Rank #1: Courage, Conservation, and Dr. Caroline Ng’weno
In this episode, we take you to Kenya’s Maasai Mara where Earthwatch scientist Dr. Caroline Ng’weno is studying the interactions between predators, their prey, and livestock. In pursuit of her scientific endeavors, Caroline faced many hurdles, both professional and personal. But despite this, she persevered. She shares her experience as a female in a male-dominated field, and how she was able to get to where she is today, thanks in part to support from Earthwatch. To learn more about Caroline’s research, visit our website: Lions and Their Prey in Kenya’s Maasai Mara. (The music in this trailer is by Blue Dot Sessions, provided under the creative commons Attribution-Noncommercial License.)
Dec 18 2018
Rank #2: Living Deliberately with Dr. Bill Moomaw
Dr. Bill Moomaw is quite the accomplished individual. He has lived a life dedicated to environmental policy and action through his time spent as lead author for several reports from the United Nations' Intergovernmental Panel on Climate Change to the head of the science advisory committee on Earthwatch's Board of Directors to chairing the board of the Woods Hole Research Center. He sat down with us to guide us through the ins and outs of how humans have responded to climate change over the years – from the view of society and politics – and how individuals can take action today to slow global warming. (The music in this episode is “Partly Sage” by Blue Dot Sessions, provided under the Attribution-Noncommercial License.)
Apr 18 2018
Rank #3: Winter is coming...
In episode 1, host Dianna Bell introduced the iconic Whooping Crane—the tallest bird in North America that spends its winter months in the Aransas National Wildlife Refuge in Texas. In late August, Hurricane Harvey made landfall in coastal Texas, ravaging the cranes’ delicate habitat. What will await these birds as they begin to arrive in Aransas in the coming weeks? In episode 2, you’ll hear from the Earthwatch scientists and volunteers who are conducting critical research within this ecosystem—research that could help Whooping Cranes to weather the impacts of the storm.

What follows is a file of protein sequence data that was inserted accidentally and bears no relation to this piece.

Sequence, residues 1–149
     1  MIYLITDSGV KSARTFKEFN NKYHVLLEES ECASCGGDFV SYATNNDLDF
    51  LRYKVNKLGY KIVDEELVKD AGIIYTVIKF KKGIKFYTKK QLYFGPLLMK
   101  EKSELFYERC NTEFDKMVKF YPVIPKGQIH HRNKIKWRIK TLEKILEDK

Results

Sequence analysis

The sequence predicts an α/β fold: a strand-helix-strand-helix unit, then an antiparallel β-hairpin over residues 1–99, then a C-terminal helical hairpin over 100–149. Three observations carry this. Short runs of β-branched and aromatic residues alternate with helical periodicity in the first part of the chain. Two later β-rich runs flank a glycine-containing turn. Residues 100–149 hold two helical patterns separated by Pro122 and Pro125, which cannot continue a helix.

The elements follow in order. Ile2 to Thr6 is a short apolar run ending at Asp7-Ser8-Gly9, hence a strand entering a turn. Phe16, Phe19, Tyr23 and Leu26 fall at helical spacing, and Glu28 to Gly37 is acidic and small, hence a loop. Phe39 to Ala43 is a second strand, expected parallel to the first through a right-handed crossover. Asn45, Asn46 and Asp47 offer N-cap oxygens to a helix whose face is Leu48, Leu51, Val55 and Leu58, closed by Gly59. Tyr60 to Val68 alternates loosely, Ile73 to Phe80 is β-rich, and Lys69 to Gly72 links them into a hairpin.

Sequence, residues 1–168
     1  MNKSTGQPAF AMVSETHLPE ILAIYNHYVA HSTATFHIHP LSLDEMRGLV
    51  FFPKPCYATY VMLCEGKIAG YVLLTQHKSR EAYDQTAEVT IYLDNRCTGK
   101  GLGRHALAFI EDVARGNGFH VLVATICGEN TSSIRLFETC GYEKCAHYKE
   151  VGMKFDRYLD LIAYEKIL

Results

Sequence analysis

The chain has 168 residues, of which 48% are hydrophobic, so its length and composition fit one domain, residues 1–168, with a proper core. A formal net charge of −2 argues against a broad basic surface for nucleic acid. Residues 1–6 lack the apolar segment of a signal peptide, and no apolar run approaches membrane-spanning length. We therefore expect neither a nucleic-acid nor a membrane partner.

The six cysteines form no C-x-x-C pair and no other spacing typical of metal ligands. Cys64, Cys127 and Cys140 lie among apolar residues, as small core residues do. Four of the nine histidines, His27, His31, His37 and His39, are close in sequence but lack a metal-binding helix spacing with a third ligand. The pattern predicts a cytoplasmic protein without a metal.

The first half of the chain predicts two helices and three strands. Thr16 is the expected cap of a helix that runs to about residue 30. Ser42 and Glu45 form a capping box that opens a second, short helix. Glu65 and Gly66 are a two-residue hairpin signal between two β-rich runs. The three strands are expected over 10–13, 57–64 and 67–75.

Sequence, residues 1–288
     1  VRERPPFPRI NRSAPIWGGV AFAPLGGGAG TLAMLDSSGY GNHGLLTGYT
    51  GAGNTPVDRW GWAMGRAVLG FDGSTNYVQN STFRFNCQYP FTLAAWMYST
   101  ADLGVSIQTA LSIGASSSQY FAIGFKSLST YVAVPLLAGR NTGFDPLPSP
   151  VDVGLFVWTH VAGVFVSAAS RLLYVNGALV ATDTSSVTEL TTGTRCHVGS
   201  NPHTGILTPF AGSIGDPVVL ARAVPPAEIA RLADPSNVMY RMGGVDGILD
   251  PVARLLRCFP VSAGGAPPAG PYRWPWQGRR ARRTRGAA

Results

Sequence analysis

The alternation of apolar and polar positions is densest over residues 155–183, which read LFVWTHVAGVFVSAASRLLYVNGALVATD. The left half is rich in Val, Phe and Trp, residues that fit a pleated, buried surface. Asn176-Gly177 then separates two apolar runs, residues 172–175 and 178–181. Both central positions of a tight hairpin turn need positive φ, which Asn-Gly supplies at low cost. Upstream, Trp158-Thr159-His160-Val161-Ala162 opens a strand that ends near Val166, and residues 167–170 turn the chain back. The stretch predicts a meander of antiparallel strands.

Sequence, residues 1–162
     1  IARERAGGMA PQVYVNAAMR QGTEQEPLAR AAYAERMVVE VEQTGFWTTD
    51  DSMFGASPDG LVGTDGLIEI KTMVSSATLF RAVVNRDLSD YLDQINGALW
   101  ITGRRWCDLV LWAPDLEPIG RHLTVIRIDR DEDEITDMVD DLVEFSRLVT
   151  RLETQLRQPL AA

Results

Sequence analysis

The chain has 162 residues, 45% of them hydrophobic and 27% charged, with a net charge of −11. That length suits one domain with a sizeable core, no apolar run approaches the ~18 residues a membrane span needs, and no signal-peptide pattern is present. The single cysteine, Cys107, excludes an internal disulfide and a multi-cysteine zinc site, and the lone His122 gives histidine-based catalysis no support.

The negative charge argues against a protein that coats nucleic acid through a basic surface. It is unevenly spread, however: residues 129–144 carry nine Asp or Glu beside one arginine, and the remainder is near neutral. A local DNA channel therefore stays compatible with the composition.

Oct 30 2017
Rank #4: The Wild Whoopers: A Species on the Brink
Whooping Cranes used to be widespread throughout North America, with estimates of their populations reaching as high as 10,000. But by 1941, just 15 individuals remained. What happened to these cranes? From habitat loss to hunting, Dr. Elizabeth Smith from the International Crane Foundation explains why they fell to such low numbers and what has been done to save them since. (The music in this episode is “Partly Sage” by Blue Dot Sessions, provided under the Attribution-Noncommercial License.)
Sep 25 2017
Rank #5: pOTTERcast part 2
While many view sea otters as adorable, charismatic creatures, the local residents of Prince of Wales Island in Southeast Alaska have a much different opinion. For them, sea otters have destroyed their fisheries and destroyed their livelihoods. Learn more about this complex relationship and how the ecosystem has shifted with the growing presence of this top-level predator. (The music in this episode is “Partly Sage” by Blue Dot Sessions, provided under the Attribution-Noncommercial License.)
Feb 22 2018